The potential increase in revenue comes none too soon since the need to travel for in-person conferences and negotiations has already begun. This is all happening during a period of high inflation. Until recently, coast-to-coast plane fares were commonly found in the $450 to $500 range. Today, the same flights cost over $1,000. Similar increases in ground transportation, hotel, and restaurant prices all contribute to an increase in the AFM’s operating costs.

    We recently filled two openings at the Federation. Michael Epperhart has been engaged to handle visa consultation letter applications since Paul Celentano, who currently works in this area, will be leaving in September. Epperhart has been touring as a musician with Beautiful: the Carole King Musical. He has a practical understanding of our business. He also participated as a musician representative in the recently ratified Broadway League negotiations over revised COVID protocols. We wish Celentano all the best as he pursues the next chapter in his life and we welcome Eppenhart into the AFM family.

    We have hired Jonathan Mercado as an IT assistant to work with Michael Ramos. This position opened when Walter Lopez left and Ramos moved up to fill the information systems manager position. We are now better positioned to address hardware and software issues that were postponed during travel restrictions at the height of the pandemic.

    Our hope is that the work environment for musicians continues to stabilize, and the pandemic recedes to a point that it no longer affects member employment. Fingers crossed!

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    Perseverance in Organizing Leads to Power for Employees

    One of the most challenging tasks we have as a union is to organize. It takes commitment, resources, patience, perseverance, and tenacity. Organizing is the life-blood of a strong union. Without new members and new bargaining units, there is a slow trickle of declining membership. As a union loses members, there is a loss of union density in the workplace. Consequently, a loss of density reduces a union’s power. Negotiations with an employer are all about power. Without it, there is little or no leverage at the bargaining table.

    Employers often have an aversion to unions organizing their workplace. They will do whatever it takes to keep the union out, sparing no expense. A divided workforce with dissension among the workers is fertile ground for an employer to fight unionization. Often, an employer will go so far as to hire a union-busting law firm with special expertise in fighting unionization.

    Recently, I have seen a spate of advertisements touting the wonderful salary and benefits that one employer provides. Employees highlighted in the ads say their hourly salary went from $10 to over $17 and that the employer provides up to 20 weeks of paid family leave after the birth of a child.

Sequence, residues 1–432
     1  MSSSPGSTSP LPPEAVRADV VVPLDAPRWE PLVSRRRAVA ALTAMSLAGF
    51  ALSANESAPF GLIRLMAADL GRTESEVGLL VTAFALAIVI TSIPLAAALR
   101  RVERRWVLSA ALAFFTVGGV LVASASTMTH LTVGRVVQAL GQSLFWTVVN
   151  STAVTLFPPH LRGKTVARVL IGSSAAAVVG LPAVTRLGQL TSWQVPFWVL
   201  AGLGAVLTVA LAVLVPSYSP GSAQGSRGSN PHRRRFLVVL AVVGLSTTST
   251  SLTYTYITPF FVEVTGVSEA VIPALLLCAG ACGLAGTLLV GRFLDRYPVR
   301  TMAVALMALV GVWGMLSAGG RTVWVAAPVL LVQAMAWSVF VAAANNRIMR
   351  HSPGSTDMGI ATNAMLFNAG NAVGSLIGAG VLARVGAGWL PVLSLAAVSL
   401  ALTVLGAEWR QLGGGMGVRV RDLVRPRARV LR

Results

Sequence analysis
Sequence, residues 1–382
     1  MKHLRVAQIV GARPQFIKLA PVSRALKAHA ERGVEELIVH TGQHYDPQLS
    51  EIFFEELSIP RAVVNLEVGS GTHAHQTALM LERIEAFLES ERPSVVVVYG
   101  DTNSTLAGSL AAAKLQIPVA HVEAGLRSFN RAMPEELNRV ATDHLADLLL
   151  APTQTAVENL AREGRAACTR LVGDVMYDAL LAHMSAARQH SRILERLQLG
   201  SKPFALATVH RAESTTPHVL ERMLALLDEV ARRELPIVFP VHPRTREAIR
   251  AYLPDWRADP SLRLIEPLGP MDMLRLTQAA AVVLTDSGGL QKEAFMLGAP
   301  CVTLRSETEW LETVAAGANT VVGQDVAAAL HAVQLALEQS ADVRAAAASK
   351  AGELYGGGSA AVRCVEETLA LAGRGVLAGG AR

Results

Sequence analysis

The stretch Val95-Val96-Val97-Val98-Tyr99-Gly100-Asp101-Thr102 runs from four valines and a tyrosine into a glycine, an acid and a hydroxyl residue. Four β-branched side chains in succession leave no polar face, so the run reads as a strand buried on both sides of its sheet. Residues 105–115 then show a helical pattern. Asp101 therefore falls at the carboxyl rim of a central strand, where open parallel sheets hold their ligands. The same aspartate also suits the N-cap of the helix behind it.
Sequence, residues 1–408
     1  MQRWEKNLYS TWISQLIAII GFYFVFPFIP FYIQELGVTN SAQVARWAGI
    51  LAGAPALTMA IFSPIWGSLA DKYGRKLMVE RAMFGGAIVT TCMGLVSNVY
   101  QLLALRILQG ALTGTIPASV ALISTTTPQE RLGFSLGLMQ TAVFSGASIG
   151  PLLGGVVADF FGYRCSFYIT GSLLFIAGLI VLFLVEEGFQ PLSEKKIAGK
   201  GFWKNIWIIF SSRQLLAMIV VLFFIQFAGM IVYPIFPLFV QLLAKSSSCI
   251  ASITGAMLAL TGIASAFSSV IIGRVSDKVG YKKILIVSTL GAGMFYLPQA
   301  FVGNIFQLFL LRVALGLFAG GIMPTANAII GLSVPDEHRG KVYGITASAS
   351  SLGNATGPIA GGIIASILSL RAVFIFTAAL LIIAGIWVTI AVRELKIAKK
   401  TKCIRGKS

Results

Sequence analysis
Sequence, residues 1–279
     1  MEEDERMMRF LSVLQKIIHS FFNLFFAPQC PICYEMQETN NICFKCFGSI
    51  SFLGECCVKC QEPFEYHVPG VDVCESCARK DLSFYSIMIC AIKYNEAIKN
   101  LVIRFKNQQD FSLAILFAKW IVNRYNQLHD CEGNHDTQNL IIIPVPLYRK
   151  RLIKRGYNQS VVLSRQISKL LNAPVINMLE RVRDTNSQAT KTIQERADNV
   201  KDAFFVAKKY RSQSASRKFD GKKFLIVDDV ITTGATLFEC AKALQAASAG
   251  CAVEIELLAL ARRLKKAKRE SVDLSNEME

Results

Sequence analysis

All this is not so much due to the largess of the employer, but it allows them to tell the workers that there’s no need for a union in their workplace. “Look what we give you! A union will only take your dues and give you little in return.”

    But there are many needs that go beyond salary and benefits. What about job security and due process? What about a safe workplace? What about a voice in what happens in the workplace? How about a requirement to negotiate changes that affect the employees? And what about showing respect for the employees whose labor enables the employer to make huge profits for the company? And what about a pension plan that allows employees to retire with dignity?

    On April 8, workers at three Starbucks locations in Ithaca, New York, voted to unionize. It was a huge victory, however, Starbucks recently announced its plans to close Ithaca’s Collegetown Starbucks. Many of the Starbucks employees affected by the potential closing believe it is in retaliation for their desire to unionize. Is the closing being used to discourage other Starbucks employees who may harbor a desire to unionize?

    The above examples are just a few of the employer tactics used to dissuade workers from organizing.

    Nevertheless, employees must have the courage of their convictions. They must fight their fears if they are to achieve a collective bargaining agreement that will help prevent unilateral decisions by the employer that are simply imposed on the workers. If job safety is an issue, a collective bargaining agreement can address the issue. And if you want a more level playing field, forcing an employer to sit across the negotiating table to negotiate a fair contract is one way to achieve it.

    Important reminder: Never cross a picket line. Doing so will severely undercut the workers who are risking everything in their attempt to achieve a fair contract. Support other workers in their struggles to organize.